Because of dense human population along the southern California coast, you won't find many places to watch herons and egrets. Most of these spots are in central and northern California. They're listed in order from north to south.
Herons and Egrets in Marin CountyAudubon Canyon Ranch on the edge of the Bolinas Lagoon is a favorite nesting spot for herons and egrets, who favor the trees on its hillsides. It's open only from the third weekend in March through the second weekend in July on weekends and holiday or Tuesday through Friday by appointment.
Docents are on hand with spotting scopes set up, ready to answer your questions, making this an especially good place to see them. And it's only 30 miles north of San Francisco.
Herons and Egrets at Elkhorn SloughThe shallow waters of Elkhorn Slough at Moss Landing are great places to see herons and egrets any time. Often, all it takes is a glance out your car window. To get a better look, you can kayak in the slough either by yourself on a group tour, or go on a naturalist-led boat trip with Elkhorn Slough Safari.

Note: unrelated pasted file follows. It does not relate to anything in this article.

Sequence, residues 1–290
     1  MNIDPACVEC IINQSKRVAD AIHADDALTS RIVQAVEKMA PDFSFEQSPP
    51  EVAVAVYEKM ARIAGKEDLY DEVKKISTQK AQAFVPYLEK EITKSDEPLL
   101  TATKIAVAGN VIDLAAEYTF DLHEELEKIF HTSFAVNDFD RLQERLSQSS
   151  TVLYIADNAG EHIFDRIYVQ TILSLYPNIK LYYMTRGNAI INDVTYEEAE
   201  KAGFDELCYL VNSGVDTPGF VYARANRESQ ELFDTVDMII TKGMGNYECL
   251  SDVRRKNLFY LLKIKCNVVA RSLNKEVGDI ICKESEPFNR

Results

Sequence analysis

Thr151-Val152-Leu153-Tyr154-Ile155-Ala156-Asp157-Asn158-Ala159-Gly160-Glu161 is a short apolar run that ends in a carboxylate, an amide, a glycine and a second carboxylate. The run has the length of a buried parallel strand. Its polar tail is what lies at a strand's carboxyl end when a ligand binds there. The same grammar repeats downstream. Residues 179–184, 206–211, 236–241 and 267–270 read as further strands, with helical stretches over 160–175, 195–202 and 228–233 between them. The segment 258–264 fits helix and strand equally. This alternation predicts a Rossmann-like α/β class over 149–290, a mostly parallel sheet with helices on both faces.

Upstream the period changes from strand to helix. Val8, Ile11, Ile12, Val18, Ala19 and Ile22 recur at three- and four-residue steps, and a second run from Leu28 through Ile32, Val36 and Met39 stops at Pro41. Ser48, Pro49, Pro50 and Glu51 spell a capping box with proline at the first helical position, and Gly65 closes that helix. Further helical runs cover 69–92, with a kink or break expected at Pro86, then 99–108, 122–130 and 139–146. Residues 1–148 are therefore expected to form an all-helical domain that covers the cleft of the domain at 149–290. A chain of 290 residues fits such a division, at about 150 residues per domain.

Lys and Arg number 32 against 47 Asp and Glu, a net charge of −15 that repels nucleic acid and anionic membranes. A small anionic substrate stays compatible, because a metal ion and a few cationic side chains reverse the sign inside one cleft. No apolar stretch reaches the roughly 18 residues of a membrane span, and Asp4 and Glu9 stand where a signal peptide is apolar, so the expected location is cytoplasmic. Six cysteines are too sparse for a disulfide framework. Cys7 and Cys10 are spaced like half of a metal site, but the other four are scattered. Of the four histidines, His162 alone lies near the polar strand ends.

More than 7,000 acres around Elkhorn Slough are protected by various organizations. You'll find a visitor center a few miles off CA Hwy 1 where you can learn more and explore the marshes on foot. Turn at the power plant onto Dolan Road, then left on Elkhorn Road.
Herons and Egrets at Gray Lodge Wildlife AreaGray Lodge Wildlife Area isn't on the coast but in the central valley, 60 miles north of Sacramento in Butte County. Located on the Pacific Flyway, it attracts almost 40 kinds of water birds and provides winter habitat for approximately 5 million birds. Besides the more common great blue herons and great egrets, green herons, black-crowned herons, little blue herons and snowy egrets at Gray Lodge. Great blue herons also nest there.
Herons and Egrets Elsewhere in CaliforniaCalifornia Watchable Wildlife lists more places to see great blue herons and egrets.
Heron and Egret Watching Tips
- Don't get too close, staying at least 1/4 mile away when they're nesting, so you don't disturb them or their babies.
- Bring binoculars or a bird-watcher's spotting scope. You can see them better.
- Photographing moving birds is difficult. Practice "panning," following birds with your camera before you go and remember: don't stop following when you press the shutter. If you're photographing the white egrets, set your exposure slightly lower than normal to avoid losing detail in those white feathers.
- Herons and egrets are free-ranging, wild creatures and sometimes they just don't show up, no matter where you are or how much you want to see them.